Continuity and challenges for Mauritania’s new president
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Continuity and challenges for Mauritania’ new president
The government-backed candidate, Mohamed Ould Ghazouani, was elected president with 52% of the vote in the 22 June election. This represents the first democratic transfer of power since independence in 1960.
Three key points
1. Ghazouani is a close ally of outgoing President Mohamed Ould Abdelaziz. His election will preserve overall continuity in domestic, security and foreign policy over the coming years.
2. It remains unclear how Ghazouani will manage his ties to Abdelaziz, who vowed to retain a role in the country’s politics. Such uncertainty will place upward pressure on political stability risk.
3. The security environment will be characterised by protests against Ghazouani and activity by militants with a heightened intent to undermine the country’s stability. However, a sharp security deterioration remains unlikely.
Ghazouani came in ahead of several opponents, including anti-slavery activist Biram Ould Dah Abeid and a former prime minister, Mohamed Ould Boubacar, who was backed by the Islamist party Tawassoul. Ghazouani, who is expected to be officially sworn in on 2 August, has been a close ally of the outgoing president since they participated in the 2005 coup d’état and led another coup d’état in 2008 that brought Abdelaziz to power. Ghazouani was Abdelaziz’s military chief of staff for ten years and then defence minister for several months.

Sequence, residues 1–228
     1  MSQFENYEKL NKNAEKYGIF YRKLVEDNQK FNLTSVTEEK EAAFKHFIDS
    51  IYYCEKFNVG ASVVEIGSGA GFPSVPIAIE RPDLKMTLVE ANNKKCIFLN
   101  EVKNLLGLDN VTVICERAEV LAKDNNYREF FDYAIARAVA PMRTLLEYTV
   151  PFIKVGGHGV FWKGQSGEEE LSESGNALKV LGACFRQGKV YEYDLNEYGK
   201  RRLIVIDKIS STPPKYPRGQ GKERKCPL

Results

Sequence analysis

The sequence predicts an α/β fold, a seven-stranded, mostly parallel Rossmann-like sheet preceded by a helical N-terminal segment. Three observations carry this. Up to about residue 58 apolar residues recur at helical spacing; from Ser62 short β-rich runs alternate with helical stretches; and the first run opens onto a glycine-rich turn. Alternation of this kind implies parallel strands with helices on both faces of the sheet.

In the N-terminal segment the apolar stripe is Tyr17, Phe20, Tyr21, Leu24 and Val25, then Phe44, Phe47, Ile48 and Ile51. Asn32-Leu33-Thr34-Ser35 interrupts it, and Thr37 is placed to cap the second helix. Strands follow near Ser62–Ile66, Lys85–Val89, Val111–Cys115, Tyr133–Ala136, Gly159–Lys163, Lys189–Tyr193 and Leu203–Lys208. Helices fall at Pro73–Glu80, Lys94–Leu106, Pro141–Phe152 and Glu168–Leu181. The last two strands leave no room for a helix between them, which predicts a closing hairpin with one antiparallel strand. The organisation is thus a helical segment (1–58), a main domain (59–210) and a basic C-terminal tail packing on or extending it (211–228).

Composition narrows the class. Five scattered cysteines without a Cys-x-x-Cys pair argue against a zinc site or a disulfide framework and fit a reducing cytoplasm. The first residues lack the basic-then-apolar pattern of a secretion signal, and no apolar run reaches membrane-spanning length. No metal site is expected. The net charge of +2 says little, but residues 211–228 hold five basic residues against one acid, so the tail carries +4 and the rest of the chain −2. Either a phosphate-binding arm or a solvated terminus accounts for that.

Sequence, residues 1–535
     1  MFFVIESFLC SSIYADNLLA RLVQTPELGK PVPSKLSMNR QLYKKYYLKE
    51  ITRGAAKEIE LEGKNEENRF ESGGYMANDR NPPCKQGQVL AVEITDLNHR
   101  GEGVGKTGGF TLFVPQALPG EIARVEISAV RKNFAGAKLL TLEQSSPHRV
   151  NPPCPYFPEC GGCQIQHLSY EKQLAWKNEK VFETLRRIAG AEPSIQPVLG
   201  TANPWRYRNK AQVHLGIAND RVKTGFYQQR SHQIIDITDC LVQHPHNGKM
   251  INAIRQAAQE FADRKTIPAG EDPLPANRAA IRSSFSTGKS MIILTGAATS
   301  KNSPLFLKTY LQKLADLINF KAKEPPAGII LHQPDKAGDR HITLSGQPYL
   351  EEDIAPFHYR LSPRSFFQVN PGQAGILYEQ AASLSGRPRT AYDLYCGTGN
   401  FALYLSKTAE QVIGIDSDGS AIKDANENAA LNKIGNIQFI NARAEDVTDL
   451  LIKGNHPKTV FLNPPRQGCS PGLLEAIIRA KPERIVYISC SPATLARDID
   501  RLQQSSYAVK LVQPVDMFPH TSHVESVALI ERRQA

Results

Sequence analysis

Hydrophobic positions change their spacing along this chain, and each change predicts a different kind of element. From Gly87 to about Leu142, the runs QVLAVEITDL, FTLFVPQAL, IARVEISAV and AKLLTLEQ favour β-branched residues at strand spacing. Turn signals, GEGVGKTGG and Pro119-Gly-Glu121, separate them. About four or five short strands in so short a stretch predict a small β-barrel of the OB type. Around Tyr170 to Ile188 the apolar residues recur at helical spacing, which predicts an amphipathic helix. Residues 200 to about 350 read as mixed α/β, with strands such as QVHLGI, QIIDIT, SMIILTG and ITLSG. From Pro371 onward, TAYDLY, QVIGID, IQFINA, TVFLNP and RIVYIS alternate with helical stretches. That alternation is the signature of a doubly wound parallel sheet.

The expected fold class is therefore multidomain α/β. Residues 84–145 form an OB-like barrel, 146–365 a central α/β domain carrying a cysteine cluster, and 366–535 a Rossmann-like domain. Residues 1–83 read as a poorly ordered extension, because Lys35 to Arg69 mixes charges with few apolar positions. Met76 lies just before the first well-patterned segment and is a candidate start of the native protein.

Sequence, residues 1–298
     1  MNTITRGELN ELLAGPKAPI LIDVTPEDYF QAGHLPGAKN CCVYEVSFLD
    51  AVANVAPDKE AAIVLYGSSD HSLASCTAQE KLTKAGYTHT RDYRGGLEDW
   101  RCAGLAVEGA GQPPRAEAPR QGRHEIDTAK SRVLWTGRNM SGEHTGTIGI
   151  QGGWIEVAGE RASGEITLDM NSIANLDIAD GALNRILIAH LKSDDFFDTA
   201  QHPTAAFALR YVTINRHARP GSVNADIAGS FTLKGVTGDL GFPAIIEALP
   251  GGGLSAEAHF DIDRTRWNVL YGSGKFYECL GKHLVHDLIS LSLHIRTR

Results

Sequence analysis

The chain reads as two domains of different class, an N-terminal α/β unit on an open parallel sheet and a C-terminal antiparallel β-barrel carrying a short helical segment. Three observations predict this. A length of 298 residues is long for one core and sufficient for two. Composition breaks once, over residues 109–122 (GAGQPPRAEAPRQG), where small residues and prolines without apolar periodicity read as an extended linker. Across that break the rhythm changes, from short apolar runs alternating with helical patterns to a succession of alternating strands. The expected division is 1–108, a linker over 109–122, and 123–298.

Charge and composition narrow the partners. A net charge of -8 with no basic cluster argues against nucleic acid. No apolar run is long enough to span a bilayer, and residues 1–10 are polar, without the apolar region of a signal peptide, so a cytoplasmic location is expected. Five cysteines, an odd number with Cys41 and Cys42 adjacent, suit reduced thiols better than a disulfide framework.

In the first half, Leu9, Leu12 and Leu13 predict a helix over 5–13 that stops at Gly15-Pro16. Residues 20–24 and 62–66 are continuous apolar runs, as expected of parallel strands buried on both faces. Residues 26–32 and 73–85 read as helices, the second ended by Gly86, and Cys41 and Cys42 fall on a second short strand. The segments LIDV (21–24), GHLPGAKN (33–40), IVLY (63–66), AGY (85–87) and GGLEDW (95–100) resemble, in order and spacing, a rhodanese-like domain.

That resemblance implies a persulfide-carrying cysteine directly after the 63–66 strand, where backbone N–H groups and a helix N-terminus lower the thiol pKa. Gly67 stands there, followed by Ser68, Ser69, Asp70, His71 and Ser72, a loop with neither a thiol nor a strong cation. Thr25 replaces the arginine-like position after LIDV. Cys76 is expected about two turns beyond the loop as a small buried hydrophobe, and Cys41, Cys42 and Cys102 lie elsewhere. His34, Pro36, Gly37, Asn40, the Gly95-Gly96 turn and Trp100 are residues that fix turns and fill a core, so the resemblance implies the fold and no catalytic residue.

Ghazouani was officially supported in his election run by Abdelaziz, which raised tensions between the government and the opposition in the months preceding the vote. The opposition accused the government of hijacking the electoral process in favour of Ghazouani. Tensions revolved around several issues:
- The opposition objected to the composition of the Independent National Electoral Commission (CENI), which was tasked with organising the election. It called for its dissolution, which the government rejected.
- The government rejected the opposition's request to authorise the deployment of EU observers during the polls. It only allowed the presence of two EU experts to provide technical advice.
- The CENI awarded the contract for the production of the ballots to a Mauritanian company owned by a businessman close to Abdelaziz.